Recommended: L’odyssee du vice


L’odyssee du vice is a delightfully surreal BD* by Delphine Panique. Published in 2016 by Bordeaux publisher, les Requins Marteaux, it’s the 11th volume of the BD-CUL series, a collection of naughty comics that bills itself as “50% BD, 50% cul, 100% plaisir. Le n°1 de la BD indébandante.” My apologies to professional translators, especially if I get this wrong, but I’d roughly translate that tagline to “50% comics, 50% ass, 100% pleasure. The best in independent erotic comics.”

L’odyssee is based on a rather absurd premise: Roger is an astronaut conducting research on a distant planet who loses his penis and must embark on a sexed up expedition to retrieve it. This sets up what I thought would be a completely phallocentric narrative, so much so, it almost seemed to be poking (sorry not sorry) fun at the idea of Joseph Campbell’s hero’s journey. However, Panique presents a far more interesting tale.

We begin with familiar ground, in which Roger is devastated by the loss of his member. He wonders if his lover, Penny, will still desire him.


Kawai’s translation: “My diiiick!” “No no!”

But as Roger wanders through unknown territory, he begins to discover a mythical world that lies beyond his assumed phallocentrism. (Spoilers below)


Vagina birds flying beyond phallocentrism

Singing flying vaginas show Roger that he is able to pleasure them without his cock. And a pages-long orgy with a group of alien animal/human hybrids return Roger to a primal state of polymorphous pleasure, in which all forms of sensuality are celebrated. Finally, Roger meets Rosebud, the magical spirit of the clitorus**, an all-powerful being.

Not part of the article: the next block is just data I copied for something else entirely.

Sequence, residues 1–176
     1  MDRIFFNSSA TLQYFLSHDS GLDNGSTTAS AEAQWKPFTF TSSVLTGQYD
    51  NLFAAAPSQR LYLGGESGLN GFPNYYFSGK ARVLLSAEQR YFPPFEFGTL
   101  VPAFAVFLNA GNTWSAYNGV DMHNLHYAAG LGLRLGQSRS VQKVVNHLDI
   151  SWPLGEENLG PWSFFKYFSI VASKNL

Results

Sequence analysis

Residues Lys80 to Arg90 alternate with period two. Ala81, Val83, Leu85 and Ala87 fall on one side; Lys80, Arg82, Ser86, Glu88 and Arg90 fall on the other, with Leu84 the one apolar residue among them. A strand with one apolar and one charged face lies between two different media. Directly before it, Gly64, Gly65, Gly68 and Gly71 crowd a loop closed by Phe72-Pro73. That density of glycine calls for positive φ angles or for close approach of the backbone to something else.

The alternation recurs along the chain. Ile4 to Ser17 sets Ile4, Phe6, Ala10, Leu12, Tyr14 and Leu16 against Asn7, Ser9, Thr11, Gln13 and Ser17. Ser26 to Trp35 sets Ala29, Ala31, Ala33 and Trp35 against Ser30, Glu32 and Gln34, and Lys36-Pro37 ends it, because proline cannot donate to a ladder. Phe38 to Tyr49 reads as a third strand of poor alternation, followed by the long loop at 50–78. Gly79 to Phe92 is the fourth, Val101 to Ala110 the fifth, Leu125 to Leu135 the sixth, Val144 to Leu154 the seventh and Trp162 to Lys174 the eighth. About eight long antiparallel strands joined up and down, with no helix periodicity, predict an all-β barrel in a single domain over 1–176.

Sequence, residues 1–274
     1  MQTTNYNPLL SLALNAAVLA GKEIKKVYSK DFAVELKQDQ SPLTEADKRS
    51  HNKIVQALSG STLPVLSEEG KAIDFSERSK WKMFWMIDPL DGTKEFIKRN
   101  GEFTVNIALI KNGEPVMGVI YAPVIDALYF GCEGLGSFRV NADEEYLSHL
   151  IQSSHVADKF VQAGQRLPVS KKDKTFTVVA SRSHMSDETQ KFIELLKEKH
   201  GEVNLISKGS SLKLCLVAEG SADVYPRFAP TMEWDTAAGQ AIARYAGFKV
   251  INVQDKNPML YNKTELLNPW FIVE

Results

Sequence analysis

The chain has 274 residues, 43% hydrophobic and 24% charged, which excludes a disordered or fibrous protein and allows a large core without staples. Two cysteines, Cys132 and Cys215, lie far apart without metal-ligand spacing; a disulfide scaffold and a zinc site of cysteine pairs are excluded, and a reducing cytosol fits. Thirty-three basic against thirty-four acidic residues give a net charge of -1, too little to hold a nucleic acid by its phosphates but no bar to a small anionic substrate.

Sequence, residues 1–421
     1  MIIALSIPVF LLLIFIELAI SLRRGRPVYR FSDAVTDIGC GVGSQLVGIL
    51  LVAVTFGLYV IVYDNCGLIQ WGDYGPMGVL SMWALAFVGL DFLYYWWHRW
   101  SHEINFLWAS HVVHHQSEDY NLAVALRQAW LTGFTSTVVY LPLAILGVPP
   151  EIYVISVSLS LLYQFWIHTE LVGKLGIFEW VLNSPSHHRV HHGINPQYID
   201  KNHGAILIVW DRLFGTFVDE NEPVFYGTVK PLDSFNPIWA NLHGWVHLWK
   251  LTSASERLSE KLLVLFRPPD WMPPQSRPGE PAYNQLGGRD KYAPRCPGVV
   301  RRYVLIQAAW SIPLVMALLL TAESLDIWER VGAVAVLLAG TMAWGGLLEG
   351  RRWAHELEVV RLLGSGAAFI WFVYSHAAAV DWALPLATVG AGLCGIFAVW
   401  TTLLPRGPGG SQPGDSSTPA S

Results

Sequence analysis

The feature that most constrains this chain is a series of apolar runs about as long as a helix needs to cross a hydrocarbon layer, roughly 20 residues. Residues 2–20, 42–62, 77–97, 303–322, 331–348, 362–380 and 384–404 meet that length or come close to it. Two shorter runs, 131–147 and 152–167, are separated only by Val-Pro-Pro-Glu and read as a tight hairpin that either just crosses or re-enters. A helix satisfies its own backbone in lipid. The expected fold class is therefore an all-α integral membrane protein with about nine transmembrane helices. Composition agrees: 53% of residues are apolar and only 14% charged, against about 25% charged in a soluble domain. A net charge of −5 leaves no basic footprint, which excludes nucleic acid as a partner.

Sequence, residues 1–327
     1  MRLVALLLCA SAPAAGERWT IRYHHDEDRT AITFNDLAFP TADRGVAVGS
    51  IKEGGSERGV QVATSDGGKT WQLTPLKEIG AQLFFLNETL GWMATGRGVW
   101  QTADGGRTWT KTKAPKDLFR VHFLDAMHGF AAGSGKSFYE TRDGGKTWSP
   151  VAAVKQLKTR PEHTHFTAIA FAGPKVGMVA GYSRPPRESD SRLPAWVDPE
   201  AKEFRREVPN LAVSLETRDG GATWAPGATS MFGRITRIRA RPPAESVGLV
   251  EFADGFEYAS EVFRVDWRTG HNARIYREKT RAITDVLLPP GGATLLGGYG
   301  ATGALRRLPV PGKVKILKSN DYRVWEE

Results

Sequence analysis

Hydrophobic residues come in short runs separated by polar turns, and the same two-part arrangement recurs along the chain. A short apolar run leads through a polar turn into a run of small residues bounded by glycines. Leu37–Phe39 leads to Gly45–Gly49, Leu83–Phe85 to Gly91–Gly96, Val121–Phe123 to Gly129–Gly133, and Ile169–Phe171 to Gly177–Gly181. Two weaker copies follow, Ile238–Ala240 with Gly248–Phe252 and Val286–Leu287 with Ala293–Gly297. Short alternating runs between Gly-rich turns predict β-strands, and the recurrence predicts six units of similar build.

K’s translation: “Who dares to disturb my slumber of a millennia?”

In exchange for recognizing the power of the clit and in promising to give the clit the same status as the phallus, Rosebud restores Roger’s penis.

As you can see, the world of L’odyssee is gorgeously rendered in a superflat, graphic style, rendered with delicate linework and stippling and brought to life by stunningly rich colours. Gradients are also deployed by Panique to good effect. The simple, abstracted images and contrasting palettes lend the comic a dynamic, playful feel that compliments the story’s surrealism. As promised, this comic was a 100% pleasure to read.


I bought my copy of L’Odyssee from The Beguiling. The comic is mostly wordless and uses easy verb tenses, so the difficulty level of reading this comic is quite low for French students.

* bande dessinée, the French term for comics

** for those wondering about the shape of Rosebud, here is the anatomy of the clit, most of which is not visible: